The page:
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Lung diseases

Refractory Ceramic Fiber?

04/29/2010

Question:

I replaced ceramic brakes on my car about 6 months ago and was just warned that the dust could be carcinogenic. I was working on it for about 1-2hours, I didn`t see a lot of dust created, I may have blown the dust out of the garage with an air compressor a few days later (1/2 hour or so)...is this something I should have concern over? I think the fiber I read about on the web for ceramic pads is potassium titanate. I didn`t and still don`t have any symptoms.

Thanks for your help.

Answer:

Potassium titanate is a mineral fiber similar to asbestos and has been used in similar applications (for example as a friction-inducing agent in brake linings). I have not been able to find much in the way of human studies, but a few animal studies I saw showed an increase in lung stiffness after long-term exposure (24 months). The studies did not find evidence of cancers, such as mesotheliomas.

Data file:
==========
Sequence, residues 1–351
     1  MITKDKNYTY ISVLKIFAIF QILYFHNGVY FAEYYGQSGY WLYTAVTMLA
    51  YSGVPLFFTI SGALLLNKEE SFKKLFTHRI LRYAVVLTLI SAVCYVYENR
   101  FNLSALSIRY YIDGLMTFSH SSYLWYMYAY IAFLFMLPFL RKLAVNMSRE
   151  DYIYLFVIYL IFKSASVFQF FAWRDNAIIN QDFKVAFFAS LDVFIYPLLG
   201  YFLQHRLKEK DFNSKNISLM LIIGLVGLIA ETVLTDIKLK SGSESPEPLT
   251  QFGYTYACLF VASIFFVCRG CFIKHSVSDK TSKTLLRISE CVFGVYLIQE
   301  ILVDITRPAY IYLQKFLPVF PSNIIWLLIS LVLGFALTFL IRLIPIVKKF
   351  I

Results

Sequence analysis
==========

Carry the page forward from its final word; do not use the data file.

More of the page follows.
As I tell most people who have had a short-term exposure like this, the biggest risk is to workers who work with these materials over many years in large amounts. I really don't think you have anything to worry about, but if you do dusty work in the future, you might consider purchasing NIOSH-approved respiratory protection from an industrial safety business that matches the dust you will be encountering. Another strategy is to wet down the dust and vacuum with a wet/dry shop vac. 

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Response by:

J Mac Crawford, PhD, RN J Mac Crawford, PhD, RN
Clinical Associate Professor of Environmental Health Sciences
College of Public Health
The Ohio State University